Limited income doesn’t have to hold you back after you’ve retired.
What’s in this guide?
10 loans available to retirees
Retirement isn’t the end of your borrowing experience. Even when you no longer have income from a job, you may still qualify for a number of loans, provided you have Social Security benefits, a pension or a retirement fund. These are some of the more common loans available to retired people, but if you have something specific in mind, don’t hesitate to contact a lender to discuss eligibility criteria.
- Personal loans. A personal loan can be either secured or unsecured. Some lenders offer up to $100,000, but you may not have access to this large amount if you don’t have the liquid assets to back it up and an excellent, especially when you rely on fixed monthly income.
- Personal lines of credit. A line of credit is similar to a personal loan. But instead of receiving a lump sum, you’ll be able to draw from your line whenever you need it. This can be particularly useful when you aren’t sure how much you need in advance.
- Peer-to-peer loans. Peer-to-peer loans are funded by investors rather than banks or institutional lenders. Although they take longer to be funded than normal loans, some can offer people with fixed income a loan they might not otherwise qualify for.
- Debt consolidation loans. If you have debt from before your retired and want to combine it all into one easy monthly payment, then a debt consolidation loan could be an ideal option for managing your finances.
- Student loan refinancing. If you still have federal student loans and aren’t able to make full payments, then you might be suffering from having a portion of your Social Security payments withheld. Consider refinancing your student loans or applying for a loan forgiveness program.
- Car loans. Just because you’re retired doesn’t mean you don’t need to get around. A car loan can help you afford a decent vehicle, and many offer competitive rates that can keep your monthly payments within budget.
- Mortgages. With lifespans getting longer, people are living well into their 80s and 90s. Banks and other lenders can’t discriminate based on age, so if you’re interested in buying a new home to downsize or make life easier as you age, consider looking into a mortgage.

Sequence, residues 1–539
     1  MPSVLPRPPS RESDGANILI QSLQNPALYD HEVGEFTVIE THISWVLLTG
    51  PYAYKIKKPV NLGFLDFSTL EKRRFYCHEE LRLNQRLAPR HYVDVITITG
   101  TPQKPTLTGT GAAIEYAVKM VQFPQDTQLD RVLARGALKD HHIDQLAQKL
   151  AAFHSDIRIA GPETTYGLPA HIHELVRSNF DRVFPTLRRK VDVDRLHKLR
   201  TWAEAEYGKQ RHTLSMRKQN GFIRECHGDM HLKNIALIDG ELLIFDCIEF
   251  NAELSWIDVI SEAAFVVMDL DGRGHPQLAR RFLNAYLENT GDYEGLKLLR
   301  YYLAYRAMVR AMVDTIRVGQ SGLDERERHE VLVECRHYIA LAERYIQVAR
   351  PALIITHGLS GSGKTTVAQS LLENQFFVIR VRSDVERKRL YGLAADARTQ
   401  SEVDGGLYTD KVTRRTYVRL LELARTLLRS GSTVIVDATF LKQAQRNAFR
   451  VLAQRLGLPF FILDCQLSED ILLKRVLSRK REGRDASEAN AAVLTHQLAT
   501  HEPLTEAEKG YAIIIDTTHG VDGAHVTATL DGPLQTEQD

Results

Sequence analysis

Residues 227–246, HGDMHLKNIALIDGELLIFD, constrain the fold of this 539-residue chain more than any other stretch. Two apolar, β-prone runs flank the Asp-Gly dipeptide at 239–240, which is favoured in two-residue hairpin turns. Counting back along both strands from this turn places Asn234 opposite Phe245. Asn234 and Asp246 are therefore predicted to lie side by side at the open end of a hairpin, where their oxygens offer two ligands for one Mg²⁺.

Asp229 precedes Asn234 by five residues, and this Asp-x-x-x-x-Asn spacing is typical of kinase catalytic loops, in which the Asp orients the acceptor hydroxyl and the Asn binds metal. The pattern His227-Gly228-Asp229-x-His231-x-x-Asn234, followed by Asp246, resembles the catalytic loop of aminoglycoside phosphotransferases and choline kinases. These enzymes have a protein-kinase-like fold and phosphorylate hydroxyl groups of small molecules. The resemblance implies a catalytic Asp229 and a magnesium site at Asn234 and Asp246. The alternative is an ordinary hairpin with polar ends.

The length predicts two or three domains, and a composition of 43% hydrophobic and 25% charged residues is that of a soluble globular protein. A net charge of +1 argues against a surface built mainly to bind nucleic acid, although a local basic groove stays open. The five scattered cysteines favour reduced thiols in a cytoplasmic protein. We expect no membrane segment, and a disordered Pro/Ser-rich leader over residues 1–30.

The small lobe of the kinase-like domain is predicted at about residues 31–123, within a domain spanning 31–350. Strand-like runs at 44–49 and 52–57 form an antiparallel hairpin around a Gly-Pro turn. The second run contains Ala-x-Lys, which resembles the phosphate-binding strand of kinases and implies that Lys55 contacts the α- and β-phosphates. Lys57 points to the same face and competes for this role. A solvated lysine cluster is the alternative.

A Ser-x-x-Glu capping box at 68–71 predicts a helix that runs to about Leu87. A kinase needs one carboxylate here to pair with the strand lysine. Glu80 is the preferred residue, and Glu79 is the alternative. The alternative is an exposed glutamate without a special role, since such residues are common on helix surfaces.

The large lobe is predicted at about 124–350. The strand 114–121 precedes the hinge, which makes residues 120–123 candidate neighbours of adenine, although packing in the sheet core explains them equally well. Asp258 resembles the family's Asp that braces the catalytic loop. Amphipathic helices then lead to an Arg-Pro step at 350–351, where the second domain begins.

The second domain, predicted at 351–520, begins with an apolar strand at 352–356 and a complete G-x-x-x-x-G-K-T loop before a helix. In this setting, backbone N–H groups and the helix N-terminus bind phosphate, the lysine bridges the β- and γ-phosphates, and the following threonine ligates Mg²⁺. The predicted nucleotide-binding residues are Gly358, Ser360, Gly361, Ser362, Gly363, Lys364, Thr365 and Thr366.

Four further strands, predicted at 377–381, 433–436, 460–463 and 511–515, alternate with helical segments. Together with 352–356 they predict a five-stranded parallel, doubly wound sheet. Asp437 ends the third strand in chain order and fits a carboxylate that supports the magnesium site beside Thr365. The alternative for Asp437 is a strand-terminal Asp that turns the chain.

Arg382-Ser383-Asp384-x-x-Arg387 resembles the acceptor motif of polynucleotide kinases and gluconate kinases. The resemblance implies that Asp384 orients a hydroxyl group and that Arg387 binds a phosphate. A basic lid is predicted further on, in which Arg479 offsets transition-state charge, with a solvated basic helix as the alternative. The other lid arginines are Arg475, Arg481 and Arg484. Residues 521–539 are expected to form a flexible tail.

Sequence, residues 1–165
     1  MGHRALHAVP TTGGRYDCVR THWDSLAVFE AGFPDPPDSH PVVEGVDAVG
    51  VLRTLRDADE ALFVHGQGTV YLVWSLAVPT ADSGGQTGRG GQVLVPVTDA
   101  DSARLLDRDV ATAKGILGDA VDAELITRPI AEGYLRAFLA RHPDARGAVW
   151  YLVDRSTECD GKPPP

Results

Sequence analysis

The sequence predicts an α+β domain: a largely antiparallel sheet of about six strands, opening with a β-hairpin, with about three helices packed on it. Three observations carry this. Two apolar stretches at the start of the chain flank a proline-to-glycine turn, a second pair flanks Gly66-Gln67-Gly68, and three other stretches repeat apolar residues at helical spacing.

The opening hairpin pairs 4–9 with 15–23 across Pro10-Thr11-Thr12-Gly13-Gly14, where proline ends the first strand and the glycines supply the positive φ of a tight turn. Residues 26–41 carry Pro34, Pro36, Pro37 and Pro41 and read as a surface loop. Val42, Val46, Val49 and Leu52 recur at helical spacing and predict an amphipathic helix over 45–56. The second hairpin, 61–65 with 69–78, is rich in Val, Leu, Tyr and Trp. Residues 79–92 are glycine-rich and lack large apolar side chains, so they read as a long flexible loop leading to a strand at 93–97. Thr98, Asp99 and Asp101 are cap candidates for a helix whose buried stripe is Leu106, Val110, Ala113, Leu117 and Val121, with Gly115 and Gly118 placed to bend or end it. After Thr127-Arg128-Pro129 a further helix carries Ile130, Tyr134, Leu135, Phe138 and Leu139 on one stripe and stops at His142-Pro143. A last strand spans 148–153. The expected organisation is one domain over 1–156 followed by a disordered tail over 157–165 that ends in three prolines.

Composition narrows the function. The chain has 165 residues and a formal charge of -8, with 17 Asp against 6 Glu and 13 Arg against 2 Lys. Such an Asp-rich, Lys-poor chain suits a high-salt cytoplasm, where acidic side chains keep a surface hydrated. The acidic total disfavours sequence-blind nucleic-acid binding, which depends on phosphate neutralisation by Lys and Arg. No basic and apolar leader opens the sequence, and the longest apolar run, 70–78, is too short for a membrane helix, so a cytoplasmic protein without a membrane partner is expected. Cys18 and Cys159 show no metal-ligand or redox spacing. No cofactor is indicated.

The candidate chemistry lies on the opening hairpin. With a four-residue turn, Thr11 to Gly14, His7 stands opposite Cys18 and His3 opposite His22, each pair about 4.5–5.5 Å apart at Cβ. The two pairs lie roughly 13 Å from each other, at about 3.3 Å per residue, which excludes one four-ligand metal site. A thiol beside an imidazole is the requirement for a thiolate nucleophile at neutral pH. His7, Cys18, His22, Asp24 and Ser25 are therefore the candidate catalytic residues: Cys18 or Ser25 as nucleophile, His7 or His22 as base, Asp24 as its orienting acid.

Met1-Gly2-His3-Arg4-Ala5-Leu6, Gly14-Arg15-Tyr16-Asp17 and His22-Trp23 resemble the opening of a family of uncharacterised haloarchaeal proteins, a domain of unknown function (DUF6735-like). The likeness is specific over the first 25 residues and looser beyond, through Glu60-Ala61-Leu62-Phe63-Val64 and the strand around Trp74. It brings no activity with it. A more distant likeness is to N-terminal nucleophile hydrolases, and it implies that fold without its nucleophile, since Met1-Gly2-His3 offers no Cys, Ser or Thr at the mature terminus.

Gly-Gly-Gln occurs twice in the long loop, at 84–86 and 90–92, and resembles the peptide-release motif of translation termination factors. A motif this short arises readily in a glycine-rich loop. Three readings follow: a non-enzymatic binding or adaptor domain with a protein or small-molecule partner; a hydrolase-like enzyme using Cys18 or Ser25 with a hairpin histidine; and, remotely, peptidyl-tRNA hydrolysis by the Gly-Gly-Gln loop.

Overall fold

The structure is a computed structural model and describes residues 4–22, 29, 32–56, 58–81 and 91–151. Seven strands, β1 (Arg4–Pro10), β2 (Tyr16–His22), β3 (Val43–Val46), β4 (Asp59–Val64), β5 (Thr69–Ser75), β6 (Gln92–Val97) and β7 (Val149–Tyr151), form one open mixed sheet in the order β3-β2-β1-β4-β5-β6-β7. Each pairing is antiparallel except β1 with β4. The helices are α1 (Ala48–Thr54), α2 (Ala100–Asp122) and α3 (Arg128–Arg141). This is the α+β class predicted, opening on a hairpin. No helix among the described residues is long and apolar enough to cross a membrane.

- Reverse mortgages. Reverse mortgages offer you a line of credit, regular income stream or lump sum payment by borrowing against the equity in your home. While traditionally thought of as high-risk, reverse mortgages are becoming a more mainstream borrowing method.
- Home equity loans. Similarly, a home equity loan or line of credit uses your home’s equity to fund a loan that can be used for just about anything. If you need to cover a large expense after retirement, then a home equity loan is a secured option that can keep you from paying large interest rates.
- Short-term loans. While not the safest option when you’re on a fixed income, a loan for people with bad credit can help in a pinch. Just be sure to check interest rates and the laws of your state — not every short-term loan option is available in every state.
Personal loans you may be able to apply for as a retiree
Financing options for veterans
Whether your retired from the military or simply served the country, you may have loan options you aren’t aware of. Some lenders, like Navy Federal Credit Union and USAA, cater to veterans. Other lenders may have special deals or lower interest rates if you provide proof of your service. You could benefit from
a personal loan for veterans, and in many cases, spouses will also be eligible. Your best option will be to contact your local VA or visit the Department of Veterans’ Affairs to see what kind of options you have.